The Benefits of Single-Sex Education for Girls

The debate around single-sex education versus co-educational schooling has been ongoing for years. A wealth of research from around the globe strongly suggests that girls-only education leads to higher academic achievement, increased confidence levels, more involvement in STEM fields, and better career aspirations. In this article, we discuss the various advantages of single-sex education for girls, as well as some key findings from recent studies.

Higher Confidence and Academic Achievement

A groundbreaking Australian study called ‘Hands Up For Gender Equality’ discovered that girls educated in single-sex schools have confidence levels equal to boys in single-sex schools. This finding challenges the commonly reported gender difference in confidence between men and women in the workplace [1].

An analysis of the OECD’s Program for International Student Assessment (PISA) data revealed that girls from girls’ schools in Australia and New Zealand outperformed their co-educational counterparts in science, mathematics, and literacy [2]. Furthermore, several Australian studies have shown that girls in single-sex schools exhibit greater confidence in math during junior secondary and are more likely to take advanced science and math subjects in senior secondary than girls in co-ed schools [3].

Enhanced Career Aspirations

Girls who enjoy STEM subjects and activities like coding and robotics are more likely to pursue careers in STEMM (science, technology, engineering, math, and medicine). Graduates of girls’ schools in Australia and New Zealand are significantly more inclined to enter male-dominated fields like engineering and construction compared to their co-ed counterparts [4]. A study of almost 6,000 female university students found that all-girls school graduates tend to show higher levels of science self-confidence, critical thinking, academic habits of mind, and stronger study habits [5].

Improved Wellbeing and Body Image

Raising a confident, self-assured daughter with a healthy body image can be challenging in today’s society. Research shows that girls in co-ed schools have lower self-esteem and feel more pressure to be thin than girls in single-sex schools [6]. In contrast, single-sex schools encourage improved self-esteem and psychological and social wellbeing in adolescent girls [7].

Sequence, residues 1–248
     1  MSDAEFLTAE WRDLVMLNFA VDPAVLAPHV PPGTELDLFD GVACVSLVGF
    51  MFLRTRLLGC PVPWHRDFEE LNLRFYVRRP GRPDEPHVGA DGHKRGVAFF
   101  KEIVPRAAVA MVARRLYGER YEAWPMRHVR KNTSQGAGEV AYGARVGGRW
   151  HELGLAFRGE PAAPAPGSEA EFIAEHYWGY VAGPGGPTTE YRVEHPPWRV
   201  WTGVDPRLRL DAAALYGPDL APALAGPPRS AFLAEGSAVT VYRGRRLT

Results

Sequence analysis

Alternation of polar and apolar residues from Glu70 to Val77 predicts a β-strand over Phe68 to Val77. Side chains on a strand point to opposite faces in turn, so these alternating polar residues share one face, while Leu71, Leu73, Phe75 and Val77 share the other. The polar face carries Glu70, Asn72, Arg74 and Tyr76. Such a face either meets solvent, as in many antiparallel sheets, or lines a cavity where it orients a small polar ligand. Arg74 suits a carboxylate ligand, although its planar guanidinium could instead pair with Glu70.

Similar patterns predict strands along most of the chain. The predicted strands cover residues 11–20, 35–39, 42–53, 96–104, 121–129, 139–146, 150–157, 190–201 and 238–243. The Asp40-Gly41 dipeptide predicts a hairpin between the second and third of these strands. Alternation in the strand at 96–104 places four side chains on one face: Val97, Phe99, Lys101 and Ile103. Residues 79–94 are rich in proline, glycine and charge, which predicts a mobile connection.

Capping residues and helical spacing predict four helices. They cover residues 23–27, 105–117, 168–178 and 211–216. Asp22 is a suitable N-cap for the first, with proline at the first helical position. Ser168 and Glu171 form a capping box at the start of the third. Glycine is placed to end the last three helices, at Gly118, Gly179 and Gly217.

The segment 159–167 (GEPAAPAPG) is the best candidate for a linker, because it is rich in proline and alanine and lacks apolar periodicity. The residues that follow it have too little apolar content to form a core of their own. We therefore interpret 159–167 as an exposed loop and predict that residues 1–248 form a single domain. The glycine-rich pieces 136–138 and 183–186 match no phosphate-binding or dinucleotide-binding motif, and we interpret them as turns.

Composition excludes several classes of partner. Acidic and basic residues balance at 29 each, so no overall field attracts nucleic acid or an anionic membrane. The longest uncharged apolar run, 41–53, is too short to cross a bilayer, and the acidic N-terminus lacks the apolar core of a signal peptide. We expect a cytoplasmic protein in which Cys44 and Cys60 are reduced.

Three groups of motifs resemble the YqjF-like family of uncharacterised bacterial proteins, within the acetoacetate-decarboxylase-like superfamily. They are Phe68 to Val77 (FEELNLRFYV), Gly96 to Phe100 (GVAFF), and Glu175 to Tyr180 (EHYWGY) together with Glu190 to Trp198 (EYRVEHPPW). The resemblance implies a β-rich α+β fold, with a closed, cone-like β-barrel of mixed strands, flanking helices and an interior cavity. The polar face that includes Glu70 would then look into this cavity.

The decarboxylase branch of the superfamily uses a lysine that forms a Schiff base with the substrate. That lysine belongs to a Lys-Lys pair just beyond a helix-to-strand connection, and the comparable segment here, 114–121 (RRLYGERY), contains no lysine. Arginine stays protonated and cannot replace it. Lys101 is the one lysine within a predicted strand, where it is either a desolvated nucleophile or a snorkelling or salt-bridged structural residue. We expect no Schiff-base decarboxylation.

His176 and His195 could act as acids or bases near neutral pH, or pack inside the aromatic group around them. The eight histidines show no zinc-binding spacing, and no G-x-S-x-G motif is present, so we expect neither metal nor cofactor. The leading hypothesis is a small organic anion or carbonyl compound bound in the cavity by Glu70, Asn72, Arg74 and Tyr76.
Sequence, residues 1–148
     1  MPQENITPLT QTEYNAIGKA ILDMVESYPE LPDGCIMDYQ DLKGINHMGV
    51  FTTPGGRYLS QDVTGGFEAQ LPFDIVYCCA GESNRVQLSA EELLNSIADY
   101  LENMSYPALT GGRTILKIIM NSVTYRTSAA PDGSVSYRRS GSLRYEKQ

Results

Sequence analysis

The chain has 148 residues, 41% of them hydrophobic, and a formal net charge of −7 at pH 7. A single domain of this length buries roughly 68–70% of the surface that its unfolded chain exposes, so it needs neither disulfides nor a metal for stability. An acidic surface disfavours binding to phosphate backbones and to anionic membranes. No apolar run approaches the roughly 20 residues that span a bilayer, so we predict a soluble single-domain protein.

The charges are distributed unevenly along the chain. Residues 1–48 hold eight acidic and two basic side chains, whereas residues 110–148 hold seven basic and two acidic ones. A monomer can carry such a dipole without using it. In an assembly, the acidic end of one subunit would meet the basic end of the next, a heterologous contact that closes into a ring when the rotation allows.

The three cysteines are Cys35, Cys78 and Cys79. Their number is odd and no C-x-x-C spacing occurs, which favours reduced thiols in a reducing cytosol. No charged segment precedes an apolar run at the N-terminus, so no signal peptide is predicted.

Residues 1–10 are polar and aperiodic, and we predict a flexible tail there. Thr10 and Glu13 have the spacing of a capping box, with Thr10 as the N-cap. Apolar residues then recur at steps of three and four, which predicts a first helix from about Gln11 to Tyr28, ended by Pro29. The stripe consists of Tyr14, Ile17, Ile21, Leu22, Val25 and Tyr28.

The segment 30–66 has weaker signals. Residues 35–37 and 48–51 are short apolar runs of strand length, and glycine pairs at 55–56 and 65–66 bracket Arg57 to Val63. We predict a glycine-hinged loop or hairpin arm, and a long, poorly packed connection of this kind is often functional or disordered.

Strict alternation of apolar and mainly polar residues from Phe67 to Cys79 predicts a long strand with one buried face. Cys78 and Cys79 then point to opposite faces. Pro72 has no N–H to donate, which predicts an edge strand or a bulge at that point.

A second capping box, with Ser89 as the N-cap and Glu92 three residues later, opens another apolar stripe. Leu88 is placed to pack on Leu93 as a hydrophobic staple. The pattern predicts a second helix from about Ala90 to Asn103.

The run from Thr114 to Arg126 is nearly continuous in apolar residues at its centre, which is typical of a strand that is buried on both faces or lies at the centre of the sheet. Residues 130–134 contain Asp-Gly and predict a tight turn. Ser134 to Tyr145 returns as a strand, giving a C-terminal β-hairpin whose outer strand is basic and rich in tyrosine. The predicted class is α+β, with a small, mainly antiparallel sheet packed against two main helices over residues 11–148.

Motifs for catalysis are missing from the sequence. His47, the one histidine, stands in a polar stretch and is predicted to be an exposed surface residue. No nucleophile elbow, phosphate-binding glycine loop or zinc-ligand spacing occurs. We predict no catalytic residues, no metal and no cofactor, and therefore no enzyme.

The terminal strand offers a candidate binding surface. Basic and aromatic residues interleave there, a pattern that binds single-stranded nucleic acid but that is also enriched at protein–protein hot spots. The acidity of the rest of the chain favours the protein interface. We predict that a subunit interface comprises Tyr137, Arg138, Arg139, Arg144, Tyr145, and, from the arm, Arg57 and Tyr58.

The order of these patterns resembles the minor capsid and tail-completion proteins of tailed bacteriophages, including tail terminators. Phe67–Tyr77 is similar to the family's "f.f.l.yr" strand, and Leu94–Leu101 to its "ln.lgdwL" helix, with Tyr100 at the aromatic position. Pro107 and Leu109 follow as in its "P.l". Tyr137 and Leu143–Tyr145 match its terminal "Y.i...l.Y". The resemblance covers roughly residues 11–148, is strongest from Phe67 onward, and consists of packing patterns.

Reduced Bullying and Greater Respect

Girls in single-sex schools experience notably less bullying than those in co-educational schools across all six of PISA’s measures of bullying [9]. Girls’ schools tend to have less aggressive behaviours than boys’ and co-educational schools [10]. Many girls also report preferring girls-only science, computing, and IT classes where they don’t face stereotyped beliefs and bullying by boys [11].

Challenging Gender Inequality

Sexism and harassment are common issues across society. An Australian study of five co-educational schools confirmed previous findings that sexual bullying is prevalent within mixed-sex schools [12]. In contrast, girls’ schools actively work to equip students with the knowledge and skills required to overcome gender biases and break societal stereotypes [13]. A 2021 scoping review supports the idea that single-sex education has the potential to challenge gender norms and create conditions for equity [14].

The research presented in this article demonstrates the numerous benefits of single-sex education for girls, including increased confidence, academic success, career aspirations, and wellbeing. While the debate between single-sex and co-educational schooling will likely continue, it is essential to consider the strong evidence supporting the advantages of girls-only education when making decisions about your child’s schooling.

[1]: Fitzsimmons, Yates & Callan, 2018.
[2]: Macquarie Marketing Group (MMG) and the Alliance of Girls’ Schools Australasia, 2020.
[3]: Forgasz & Leder, 2017; Justman & Méndez, 2018; Lee & Anderson, 2015; Ryan, 2016.
[4]: Carnemolla, 2019; Docherty et al., 2018; Tran, 2018; Tully & Jacobs, 2010.
[5]: Riggers-Piehl, Lim & King, 2018.
[6]: Cribb & Haase, 2016.
[7]: Cribb & Haase, 2016.
[9]: MMG and the Alliance of Girls’ Schools Australasia, 2020.
[10]: Gee & Cho, 2014.
[11]: Fisher, Lang & Forgasz, 2015.
[12]: Shute, Owens & Slee, 2016.
[13]: Archard, 2018.
[14]: Robinson et al., 2021.

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